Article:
28,667,230 (Jul 2018)
Saana, Yemen’s capital, is one of the oldest continuously-inhabited cities in the world. Yemen was ruled by the Ottomans in the 1500s and again from the mid-nineteenth century. The southern city of Aden came under British rule in 1839.
After becoming independent in 1918, North Yemen was ruled by feudal leaders until 1962, when army leaders seized control. In 1967, the last British troops left the south, which adopted a Communist-oriented government. North and South Yemen were unified as the Republic of Yemen in 1990, but civil unrest and armed conflict between the two continued with various foreign militants intervening. The security situation worsened drastically in 2014 when northern rebels seized control of Sanaa.
Today Yemen has over 28 million citizens.(1)
Yemen is a republic, with the incumbent president, Abdrabbuh Mansur Hadi, having been in office since 2012. Mr. Hadi briefly resigned from office in 2015, fleeing to Saudi Arabia when rebels took over the capital. He returned to power with the support of loyalists and Saudi-led troops and set up a temporary capital in the southern city Aden. The rebels have their own revolutionary government in place that they hold to be legitimate, but Mr. Hadi is still the internationally-recognized leader.(2)
The ongoing civil war has put additional pressure on the Yemeni economy, which was already struggling. The impoverished country was dependent on dwindling oil revenues. Since the takeover, exports have further declined and the rebels have also appropriated government funds for their own purposes.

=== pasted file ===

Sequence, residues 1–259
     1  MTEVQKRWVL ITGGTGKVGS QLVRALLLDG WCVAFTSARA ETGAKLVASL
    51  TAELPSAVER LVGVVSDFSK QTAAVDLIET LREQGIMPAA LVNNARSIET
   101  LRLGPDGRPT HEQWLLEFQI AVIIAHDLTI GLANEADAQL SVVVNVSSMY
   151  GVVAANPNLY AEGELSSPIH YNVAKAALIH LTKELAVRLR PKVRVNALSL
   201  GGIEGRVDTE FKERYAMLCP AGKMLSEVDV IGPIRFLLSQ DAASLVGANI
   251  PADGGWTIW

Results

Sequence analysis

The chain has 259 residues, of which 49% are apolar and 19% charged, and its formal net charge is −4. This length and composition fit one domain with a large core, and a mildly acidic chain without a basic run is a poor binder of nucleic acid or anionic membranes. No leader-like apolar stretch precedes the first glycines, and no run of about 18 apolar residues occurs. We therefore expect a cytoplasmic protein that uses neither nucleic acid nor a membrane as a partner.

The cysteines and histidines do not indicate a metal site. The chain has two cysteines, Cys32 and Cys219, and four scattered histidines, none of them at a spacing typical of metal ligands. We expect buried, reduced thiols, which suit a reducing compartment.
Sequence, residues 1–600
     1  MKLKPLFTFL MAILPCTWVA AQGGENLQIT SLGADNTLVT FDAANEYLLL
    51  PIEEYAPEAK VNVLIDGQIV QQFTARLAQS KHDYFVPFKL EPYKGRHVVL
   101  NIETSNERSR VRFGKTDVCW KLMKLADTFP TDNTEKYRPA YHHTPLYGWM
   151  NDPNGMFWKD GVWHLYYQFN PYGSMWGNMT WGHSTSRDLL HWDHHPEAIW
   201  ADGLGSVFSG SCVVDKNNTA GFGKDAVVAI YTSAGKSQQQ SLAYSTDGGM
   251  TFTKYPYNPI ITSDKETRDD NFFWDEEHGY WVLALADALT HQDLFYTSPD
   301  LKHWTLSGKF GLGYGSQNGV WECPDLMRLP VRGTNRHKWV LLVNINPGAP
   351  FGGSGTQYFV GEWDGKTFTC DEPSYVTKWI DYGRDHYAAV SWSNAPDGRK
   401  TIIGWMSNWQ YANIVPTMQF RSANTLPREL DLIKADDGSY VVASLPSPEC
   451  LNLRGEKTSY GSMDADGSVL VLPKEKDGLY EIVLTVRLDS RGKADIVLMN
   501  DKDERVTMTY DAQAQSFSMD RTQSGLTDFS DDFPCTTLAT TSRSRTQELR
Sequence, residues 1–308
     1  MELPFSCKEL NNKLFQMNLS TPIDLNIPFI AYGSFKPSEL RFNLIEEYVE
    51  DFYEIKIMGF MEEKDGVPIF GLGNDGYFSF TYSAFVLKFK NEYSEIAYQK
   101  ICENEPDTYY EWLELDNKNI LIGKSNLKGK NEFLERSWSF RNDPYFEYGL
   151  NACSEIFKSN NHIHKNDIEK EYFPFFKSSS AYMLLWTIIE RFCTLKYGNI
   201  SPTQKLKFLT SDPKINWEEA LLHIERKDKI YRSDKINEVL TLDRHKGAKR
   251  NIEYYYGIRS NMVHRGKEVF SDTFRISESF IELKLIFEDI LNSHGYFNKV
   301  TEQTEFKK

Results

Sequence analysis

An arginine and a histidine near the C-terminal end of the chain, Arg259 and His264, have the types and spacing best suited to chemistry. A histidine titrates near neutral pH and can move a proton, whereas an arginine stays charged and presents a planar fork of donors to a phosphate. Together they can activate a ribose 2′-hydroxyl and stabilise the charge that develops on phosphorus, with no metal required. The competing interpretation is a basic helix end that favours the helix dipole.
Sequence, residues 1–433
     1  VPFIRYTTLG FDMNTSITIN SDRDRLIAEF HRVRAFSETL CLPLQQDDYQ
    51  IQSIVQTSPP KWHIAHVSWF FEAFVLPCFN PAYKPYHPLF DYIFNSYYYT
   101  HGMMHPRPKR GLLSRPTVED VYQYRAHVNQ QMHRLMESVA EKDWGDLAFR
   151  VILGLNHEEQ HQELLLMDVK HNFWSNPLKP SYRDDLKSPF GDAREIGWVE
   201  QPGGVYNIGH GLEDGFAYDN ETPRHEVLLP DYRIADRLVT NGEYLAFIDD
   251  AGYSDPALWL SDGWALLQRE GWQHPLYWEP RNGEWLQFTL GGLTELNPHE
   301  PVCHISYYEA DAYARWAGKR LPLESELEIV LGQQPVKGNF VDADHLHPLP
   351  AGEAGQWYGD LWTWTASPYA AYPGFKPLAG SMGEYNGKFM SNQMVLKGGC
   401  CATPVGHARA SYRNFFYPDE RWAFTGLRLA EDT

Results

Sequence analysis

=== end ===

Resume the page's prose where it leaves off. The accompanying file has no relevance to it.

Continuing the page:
Nearly 80% of the population is now in need of humanitarian assistance.(3) A staggering 20 million people do not have access to basic health care, and more than five million are suffering borderline famine conditions. The humanitarian crisis requires large-scale efforts from outside aid sources, and basic supplies like food, fuel, and medicine are critically needed to be delivered throughout Yemen. There are over 2 million IDPs within the country.(4) Also, human trafficking is a major issue for men, women, and children in Yemen due to the lack of security and conditions of poverty.
TV and radio are the main sources of media utilized in Yemen. The Internet is prone to being shut down due to rebel control over online communication.
Although no official statistics exist, it is thought that 65% of Yemenis are Sunni Muslim and 35% are Shia Muslims belonging to the Zaidi order. Christians, Jews, Baha’is, and Hindus together make up less than one percent of the population. Yemen’s legal system is based on both Islamic sharia law and a secular civil code. Freedom of thought is protected by the constitution, but proselytizing to Muslims is illegal, and conversion from Islam is officially a capital offence.
While Yemen’s government controlled the country, members of minority religions could worship in relative freedom. However, religious freedom has deteriorated since a rebel coalition led by Zaidi Houthis seized control of the country in 2014. Among other targets, Shia mosques and Christian churches have since been attacked by armed groups.
It is estimated there are 40,000 Christians living throughout Yemen (5).
- Pray for stability in Yemen: for an end to conflict and bloodshed and for freedom for all citizens.
- Pray for investment and economic success, so that it may overcome its crippling poverty.
- Pray for greater religious freedom in Yemen and that the tiny Christian minority will be able to practice their faith in freedom and security.
 CIA World Factbook
 CIA World Factbook
 Pew Research Center